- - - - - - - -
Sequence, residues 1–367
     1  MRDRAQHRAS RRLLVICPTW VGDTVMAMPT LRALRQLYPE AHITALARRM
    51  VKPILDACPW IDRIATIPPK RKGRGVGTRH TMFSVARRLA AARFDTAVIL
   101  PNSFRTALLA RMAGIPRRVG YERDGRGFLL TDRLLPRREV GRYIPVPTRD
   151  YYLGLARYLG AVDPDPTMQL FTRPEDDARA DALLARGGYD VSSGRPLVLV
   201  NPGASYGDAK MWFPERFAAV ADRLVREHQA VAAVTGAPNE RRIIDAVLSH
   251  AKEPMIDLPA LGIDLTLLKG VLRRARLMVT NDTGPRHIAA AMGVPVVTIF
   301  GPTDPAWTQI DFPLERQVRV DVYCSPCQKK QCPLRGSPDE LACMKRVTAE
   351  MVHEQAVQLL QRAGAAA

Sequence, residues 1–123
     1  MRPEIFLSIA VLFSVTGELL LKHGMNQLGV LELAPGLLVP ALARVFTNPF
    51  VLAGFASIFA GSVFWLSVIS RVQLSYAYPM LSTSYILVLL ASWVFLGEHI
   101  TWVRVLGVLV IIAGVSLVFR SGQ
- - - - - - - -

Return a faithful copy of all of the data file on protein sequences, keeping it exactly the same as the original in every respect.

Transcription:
Sequence, residues 1–367
     1  MRDRAQHRAS RRLLVICPTW VGDTVMAMPT LRALRQLYPE AHITALARRM
    51  VKPILDACPW IDRIATIPPK RKGRGVGTRH TMFSVARRLA AARFDTAVIL
   101  PNSFRTALLA RMAGIPRRVG YERDGRGFLL TDRLLPRREV GRYIPVPTRD
   151  YYLGLARYLG AVDPDPTMQL FTRPEDDARA DALLARGGYD VSSGRPLVLV
   201  NPGASYGDAK MWFPERFAAV ADRLVREHQA VAAVTGAPNE RRIIDAVLSH
   251  AKEPMIDLPA LGIDLTLLKG VLRRARLMVT NDTGPRHIAA AMGVPVVTIF
   301  GPTDPAWTQI DFPLERQVRV DVYCSPCQKK QCPLRGSPDE LACMKRVTAE
   351  MVHEQAVQLL QRAGAAA

Sequence, residues 1–123
     1  MRPEIFLSIA VLFSVTGELL LKHGMNQLGV LELAPGLLVP ALARVFTNPF
    51  VLAGFASIFA GSVFWLSVIS RVQLSYAYPM LSTSYILVLL ASWVFLGEHI
   101  TWVRVLGVLV IIAGVSLVFR SGQ